The US Federal Reserve raised the key US interest rate on Wednesday, saying more hikes are coming as it battles soaring prices brought on by massive government spending by the Biden Administration.
It was the Fed’s third consecutive increase of 0.75 percentage points, continuing the aggressive action to curb inflation that has reached its highest level in forty years.
The increase brings the policy rate to 3.0-3.25 percent, and the FOMC expects further increases to be appropriate.
President Joe Biden will face midterm elections in early November, and soaring prices have become a political liability for him and his administration.
However, a contraction of the world’s largest economy would be more detrimental to Biden, the Fed’s credibility, and the rest of the world.
U.S. Fed Chairman, Jerome Powell, has made it clear that aggressive action will continue to be taken to cool the economy and prevent a repeat of the 1970s and early 1980s, the last time U.S. inflation ran amok.
In the 1980s, it took tough measures and a recession to finally bring prices down, and the Federal Reserve was unwilling to give up its inflation-fighting credibility.
Federal Open Market Committee (FOMC) members anticipate a sharp slowdown this year, with US GDP growth of just 0.2% but a return to growth in 2023, with annual growth of 1.2%.
Powell’s press conference following the meeting will be closely analyzed for hints as to what he believes the Fed must do before declaring victory on Bidenflation.
Members of the FOMC anticipate additional rate hikes this year and next, with no rate cuts anticipated until 2024.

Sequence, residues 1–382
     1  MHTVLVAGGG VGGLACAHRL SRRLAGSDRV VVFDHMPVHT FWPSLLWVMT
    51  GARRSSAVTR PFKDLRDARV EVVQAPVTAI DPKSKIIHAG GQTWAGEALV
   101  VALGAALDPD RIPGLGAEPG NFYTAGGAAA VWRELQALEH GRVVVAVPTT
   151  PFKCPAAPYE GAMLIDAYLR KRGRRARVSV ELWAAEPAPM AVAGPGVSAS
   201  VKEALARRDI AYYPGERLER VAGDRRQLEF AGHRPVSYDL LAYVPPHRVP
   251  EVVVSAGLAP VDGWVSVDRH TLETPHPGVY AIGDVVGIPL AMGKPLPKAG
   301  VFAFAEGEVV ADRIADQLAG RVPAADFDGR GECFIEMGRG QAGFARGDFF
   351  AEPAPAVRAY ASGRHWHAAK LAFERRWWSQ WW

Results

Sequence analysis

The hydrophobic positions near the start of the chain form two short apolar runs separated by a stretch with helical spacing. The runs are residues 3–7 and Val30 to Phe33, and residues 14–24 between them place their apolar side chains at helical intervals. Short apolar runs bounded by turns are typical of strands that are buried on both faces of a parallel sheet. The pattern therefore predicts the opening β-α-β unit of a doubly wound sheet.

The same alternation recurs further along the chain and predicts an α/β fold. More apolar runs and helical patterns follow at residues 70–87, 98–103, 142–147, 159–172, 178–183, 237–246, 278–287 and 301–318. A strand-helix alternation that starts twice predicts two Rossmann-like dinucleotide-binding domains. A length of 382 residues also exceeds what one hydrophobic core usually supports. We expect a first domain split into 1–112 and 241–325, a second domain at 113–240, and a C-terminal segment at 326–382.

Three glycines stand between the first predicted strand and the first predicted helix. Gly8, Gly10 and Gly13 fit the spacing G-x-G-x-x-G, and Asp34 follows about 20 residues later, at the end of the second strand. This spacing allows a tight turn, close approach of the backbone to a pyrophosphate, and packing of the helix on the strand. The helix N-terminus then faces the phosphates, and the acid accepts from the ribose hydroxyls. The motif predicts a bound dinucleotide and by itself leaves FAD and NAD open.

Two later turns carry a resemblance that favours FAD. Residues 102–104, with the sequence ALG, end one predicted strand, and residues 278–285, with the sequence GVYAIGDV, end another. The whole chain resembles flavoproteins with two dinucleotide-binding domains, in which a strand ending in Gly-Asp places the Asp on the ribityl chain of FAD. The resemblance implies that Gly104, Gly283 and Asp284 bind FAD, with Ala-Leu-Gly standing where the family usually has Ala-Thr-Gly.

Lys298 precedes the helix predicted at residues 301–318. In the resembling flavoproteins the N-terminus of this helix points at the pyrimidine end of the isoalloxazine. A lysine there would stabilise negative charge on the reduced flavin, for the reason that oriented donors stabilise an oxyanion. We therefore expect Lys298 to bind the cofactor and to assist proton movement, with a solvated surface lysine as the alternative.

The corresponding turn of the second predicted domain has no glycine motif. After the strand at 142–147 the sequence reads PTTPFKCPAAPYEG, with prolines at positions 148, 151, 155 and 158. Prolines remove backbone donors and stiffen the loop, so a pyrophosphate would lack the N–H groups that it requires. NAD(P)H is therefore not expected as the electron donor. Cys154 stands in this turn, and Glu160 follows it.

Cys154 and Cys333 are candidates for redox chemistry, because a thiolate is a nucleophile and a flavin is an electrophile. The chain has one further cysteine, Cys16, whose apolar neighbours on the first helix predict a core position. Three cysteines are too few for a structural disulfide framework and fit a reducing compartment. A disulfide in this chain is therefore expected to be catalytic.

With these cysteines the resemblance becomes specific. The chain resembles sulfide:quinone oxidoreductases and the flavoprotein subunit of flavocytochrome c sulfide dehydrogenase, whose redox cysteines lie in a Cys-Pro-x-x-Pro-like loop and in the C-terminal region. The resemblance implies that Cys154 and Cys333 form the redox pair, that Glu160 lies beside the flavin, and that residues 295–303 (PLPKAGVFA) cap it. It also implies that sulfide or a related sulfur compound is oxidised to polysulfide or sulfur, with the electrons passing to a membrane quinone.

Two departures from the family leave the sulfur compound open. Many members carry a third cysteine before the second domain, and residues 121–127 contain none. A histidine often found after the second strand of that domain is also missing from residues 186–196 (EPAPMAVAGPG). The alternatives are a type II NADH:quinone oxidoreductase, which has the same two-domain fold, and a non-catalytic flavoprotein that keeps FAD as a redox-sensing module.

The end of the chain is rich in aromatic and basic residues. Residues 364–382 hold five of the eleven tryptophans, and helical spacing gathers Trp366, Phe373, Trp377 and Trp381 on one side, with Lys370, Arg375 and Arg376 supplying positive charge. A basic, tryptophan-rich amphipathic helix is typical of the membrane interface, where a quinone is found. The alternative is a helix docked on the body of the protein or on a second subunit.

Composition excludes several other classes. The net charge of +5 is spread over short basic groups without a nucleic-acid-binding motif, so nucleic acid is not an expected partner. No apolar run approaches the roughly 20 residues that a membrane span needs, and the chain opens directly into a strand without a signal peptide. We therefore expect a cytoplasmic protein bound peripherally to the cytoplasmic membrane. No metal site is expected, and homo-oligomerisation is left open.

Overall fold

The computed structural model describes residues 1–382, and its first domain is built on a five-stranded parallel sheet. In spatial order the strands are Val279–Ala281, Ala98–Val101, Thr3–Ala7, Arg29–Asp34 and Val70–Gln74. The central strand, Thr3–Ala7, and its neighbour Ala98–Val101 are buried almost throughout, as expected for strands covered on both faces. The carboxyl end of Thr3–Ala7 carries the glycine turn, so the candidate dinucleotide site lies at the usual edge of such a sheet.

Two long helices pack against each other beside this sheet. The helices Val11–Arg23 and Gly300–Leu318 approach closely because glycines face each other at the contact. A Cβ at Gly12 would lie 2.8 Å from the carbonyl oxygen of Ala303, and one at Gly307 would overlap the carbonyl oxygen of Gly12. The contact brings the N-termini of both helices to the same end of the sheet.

An economist, Diane Swonk of KPMG, cautioned that the central bank will come under increasing pressure, particularly if the unemployment rate rises, and Fed officials “will become political pinatas.”
Powell and other central bankers have been sending the same message: a recession is preferable to continue high inflation, given the suffering it would inflict, particularly on the most vulnerable.
As a result of the Russian war in Ukraine, global supply chain bottlenecks, and Covid lockouts in China, inflation is a global phenomenon, and other major central banks are also taking action.
Numerous economists believe a brief negative US GDP in the first half of 2023 will be required before Biden inflation declines.
Despite a recent decline in gasoline prices, the August report on consumer prices revealed widespread increases.
FOMC statement noted “broader price pressures” beyond food and energy and emphasized that officials are “strongly committed” to returning inflation to its 2% target.
The Federal Reserve has increased the benchmark lending rate many times this year, including two consecutive quarter-point increases in June and July.
The objective is to increase borrowing costs and reduce demand, and the strategy is having an effect: The housing market has slowed as mortgage rates have increased.
Ian Shepherdson of Pantheon Macroeconomics stated, “It is ironic that just as the Fed is ramping up its anti-inflation rhetoric, the forces necessary to drive down inflation over the next year are now in place.”
Following the announcement, U.S. stock prices dropped.